I recently took my 11-year-old car in for a tune-up and decided to wait at the shop while the work was done. I took the opportunity to examine almost every product available for sale in the store. It got me thinking about what I call the "dying gasp" of retail operations.

Years ago, when my time was worth much less and I had a lower earning capacity, I would work on my own cars. Nothing crazy, mostly things like oil changes, tire rotations, spark plugs, and other basic tasks. I learned most of these skills from my father, who loves working on cars. Back then, whenever I went to the auto parts store to pick up parts, almost everything for sale was a car part. When I'm in an auto parts store or garage, that's all I expect to see on the shelves.

To be fair, this place was mostly selling car parts too, but I found a wide array of other offerings. Some were overpriced consumer products that I would never buy, like pre-dented, stamped aluminum garage signs. They were about the thickness of a license plate but were made to look battle-tested and old school with large American car brands on them. The manufacturing details revealed they were made in China last year. Also, for those who drive trucks with hitch systems, you can buy a big Ford or Chevy logo to put on top ... just in case anyone missed the massive emblem already on your tailgate.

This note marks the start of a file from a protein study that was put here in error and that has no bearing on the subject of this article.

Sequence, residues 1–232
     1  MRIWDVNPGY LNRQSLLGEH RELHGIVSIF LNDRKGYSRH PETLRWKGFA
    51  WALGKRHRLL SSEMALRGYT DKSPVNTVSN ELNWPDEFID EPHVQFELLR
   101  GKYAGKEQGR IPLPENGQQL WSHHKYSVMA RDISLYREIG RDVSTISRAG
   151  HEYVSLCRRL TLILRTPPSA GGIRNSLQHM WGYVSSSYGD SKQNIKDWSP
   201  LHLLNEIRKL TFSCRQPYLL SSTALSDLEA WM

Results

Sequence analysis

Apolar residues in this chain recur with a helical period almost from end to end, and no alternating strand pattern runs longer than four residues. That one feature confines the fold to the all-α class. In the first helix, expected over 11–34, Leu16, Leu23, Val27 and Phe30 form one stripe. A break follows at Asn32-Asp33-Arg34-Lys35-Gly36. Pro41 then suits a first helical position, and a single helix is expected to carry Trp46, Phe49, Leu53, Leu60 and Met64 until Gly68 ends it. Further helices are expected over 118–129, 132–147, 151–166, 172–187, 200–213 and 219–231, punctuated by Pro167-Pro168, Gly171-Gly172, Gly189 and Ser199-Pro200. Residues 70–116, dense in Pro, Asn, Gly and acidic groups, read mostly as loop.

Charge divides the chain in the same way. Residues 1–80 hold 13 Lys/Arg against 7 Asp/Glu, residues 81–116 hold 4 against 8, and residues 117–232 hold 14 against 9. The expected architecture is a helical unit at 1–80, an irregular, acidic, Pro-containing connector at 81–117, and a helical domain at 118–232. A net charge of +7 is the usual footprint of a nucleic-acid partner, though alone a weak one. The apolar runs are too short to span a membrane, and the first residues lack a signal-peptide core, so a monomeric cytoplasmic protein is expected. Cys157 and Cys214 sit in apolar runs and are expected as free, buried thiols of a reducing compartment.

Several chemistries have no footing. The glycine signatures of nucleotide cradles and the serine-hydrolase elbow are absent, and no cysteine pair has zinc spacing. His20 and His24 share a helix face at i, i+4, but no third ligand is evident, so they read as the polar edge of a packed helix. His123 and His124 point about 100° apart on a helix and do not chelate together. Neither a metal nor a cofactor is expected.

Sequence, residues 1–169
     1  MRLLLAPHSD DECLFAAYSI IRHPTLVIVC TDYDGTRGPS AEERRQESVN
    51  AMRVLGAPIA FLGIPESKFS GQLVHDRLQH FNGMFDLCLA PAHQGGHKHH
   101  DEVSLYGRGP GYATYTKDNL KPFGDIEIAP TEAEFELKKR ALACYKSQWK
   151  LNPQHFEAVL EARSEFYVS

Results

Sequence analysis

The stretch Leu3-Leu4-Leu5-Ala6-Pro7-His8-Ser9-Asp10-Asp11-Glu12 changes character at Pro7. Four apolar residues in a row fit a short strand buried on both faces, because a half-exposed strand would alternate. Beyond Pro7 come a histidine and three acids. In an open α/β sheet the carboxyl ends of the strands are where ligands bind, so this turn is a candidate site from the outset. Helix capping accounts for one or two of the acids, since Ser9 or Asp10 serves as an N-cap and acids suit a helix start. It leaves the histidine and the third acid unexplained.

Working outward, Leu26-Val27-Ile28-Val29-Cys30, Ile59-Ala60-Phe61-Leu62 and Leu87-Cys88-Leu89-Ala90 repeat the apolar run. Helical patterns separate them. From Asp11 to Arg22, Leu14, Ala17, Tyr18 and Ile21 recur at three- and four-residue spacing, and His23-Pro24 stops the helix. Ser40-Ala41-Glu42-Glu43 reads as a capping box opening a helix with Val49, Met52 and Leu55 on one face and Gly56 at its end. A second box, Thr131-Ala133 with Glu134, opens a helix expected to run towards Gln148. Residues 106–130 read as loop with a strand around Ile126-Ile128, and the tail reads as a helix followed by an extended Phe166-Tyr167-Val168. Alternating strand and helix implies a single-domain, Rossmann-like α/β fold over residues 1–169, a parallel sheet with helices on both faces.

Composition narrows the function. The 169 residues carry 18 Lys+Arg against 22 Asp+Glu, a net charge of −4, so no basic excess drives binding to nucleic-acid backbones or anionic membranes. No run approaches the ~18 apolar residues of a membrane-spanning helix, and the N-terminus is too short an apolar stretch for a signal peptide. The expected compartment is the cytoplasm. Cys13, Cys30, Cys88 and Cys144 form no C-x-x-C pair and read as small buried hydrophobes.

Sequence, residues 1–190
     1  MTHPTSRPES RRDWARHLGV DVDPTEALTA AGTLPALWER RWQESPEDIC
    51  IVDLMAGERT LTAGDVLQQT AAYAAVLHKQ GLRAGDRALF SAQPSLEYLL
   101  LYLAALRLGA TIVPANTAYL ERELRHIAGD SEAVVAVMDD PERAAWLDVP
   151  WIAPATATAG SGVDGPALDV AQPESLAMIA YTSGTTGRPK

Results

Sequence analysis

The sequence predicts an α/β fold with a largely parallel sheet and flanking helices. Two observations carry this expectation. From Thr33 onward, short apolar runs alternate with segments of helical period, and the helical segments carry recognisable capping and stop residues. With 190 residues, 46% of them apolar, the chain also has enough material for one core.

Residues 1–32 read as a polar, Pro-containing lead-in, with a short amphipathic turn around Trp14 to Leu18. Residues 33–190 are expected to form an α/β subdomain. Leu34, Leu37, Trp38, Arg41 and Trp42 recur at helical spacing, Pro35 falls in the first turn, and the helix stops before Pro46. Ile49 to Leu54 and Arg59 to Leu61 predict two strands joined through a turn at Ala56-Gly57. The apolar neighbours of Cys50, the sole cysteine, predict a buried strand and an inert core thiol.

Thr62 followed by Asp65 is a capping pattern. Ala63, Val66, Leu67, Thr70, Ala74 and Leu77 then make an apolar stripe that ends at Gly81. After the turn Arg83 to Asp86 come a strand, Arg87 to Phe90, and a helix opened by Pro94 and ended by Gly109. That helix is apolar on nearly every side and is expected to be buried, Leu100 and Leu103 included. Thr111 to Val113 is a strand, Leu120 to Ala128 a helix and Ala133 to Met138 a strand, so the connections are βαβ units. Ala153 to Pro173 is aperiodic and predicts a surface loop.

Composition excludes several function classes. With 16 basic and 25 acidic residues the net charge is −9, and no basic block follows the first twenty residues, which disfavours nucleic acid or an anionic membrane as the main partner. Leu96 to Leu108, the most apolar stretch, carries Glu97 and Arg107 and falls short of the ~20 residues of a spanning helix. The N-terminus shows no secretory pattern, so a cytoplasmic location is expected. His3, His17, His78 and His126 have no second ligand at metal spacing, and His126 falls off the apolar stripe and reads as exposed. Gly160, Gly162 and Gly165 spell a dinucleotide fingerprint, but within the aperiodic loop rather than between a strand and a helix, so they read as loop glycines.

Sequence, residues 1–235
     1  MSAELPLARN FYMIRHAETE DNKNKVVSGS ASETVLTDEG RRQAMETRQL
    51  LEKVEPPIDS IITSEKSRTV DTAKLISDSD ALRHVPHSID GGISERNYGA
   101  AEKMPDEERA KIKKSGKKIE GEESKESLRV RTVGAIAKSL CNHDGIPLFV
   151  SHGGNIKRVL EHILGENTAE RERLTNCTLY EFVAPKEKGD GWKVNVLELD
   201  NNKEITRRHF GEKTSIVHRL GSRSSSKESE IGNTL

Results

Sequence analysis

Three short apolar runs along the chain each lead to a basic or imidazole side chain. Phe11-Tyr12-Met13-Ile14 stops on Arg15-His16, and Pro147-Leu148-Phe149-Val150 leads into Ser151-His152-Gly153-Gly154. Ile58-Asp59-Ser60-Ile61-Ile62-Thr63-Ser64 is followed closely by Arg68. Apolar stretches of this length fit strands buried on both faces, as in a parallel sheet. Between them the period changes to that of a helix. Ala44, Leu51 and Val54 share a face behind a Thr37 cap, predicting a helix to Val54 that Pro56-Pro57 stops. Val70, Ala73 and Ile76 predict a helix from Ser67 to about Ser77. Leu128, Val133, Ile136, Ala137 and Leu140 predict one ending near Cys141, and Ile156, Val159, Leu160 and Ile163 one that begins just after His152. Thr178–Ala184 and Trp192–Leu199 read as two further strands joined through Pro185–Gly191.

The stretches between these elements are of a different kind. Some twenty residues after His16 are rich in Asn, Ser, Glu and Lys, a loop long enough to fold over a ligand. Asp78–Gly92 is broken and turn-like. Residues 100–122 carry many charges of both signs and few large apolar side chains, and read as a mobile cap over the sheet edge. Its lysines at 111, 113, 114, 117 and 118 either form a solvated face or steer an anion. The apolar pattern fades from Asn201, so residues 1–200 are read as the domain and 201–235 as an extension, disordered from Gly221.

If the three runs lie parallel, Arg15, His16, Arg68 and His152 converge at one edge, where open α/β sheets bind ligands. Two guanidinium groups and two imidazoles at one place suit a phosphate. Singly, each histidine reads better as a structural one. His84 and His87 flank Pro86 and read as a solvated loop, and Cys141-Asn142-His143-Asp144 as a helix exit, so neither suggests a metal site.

A more creative product was a black-and-white American flag bumper sticker with one of the stripes colored red. Much like the "support the police" flag using a blue line, this sticker offered support for firefighters. I have great respect for firefighters, but unlike police, their occupation isn't exactly controversial. This is brilliant marketing as it creates a "need" in support of a largely nonexistent political issue with minimal investment required from the producer.

Towards the end of my walk, I saw a lady sitting behind a tiny desk. It had a Hertz logo on it, a large rental car company. I immediately realized what this was. People rent a loaner while their car is being repaired. I researched this business offering more when I got home. Hertz Local Edition or HLE branches are tiny satellite sites that exist to serve a wider variety of customers in exactly these kinds of circumstances. I am certain their competitors have similar programs as well. Of everything I saw that day, this was the only "functionally" valuable new offering.

I realize this garage wasn't purely a retail shop, but they had a six-figure inventory on display. Will these new products and services bring increased revenue to retail businesses? Or will retail continue to lose the war to online shopping?

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